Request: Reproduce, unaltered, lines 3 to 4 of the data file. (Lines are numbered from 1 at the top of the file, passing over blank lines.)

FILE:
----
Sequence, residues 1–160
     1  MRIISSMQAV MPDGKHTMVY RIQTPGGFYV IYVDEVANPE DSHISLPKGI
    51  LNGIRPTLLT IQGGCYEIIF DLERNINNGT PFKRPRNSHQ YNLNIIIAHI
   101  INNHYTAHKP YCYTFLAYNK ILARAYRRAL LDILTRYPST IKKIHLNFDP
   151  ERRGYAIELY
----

    51  LNGIRPTLLT IQGGCYEIIF DLERNINNGT PFKRPRNSHQ YNLNIIIAHI
   101  INNHYTAHKP YCYTFLAYNK ILARAYRRAL LDILTRYPST IKKIHLNFDP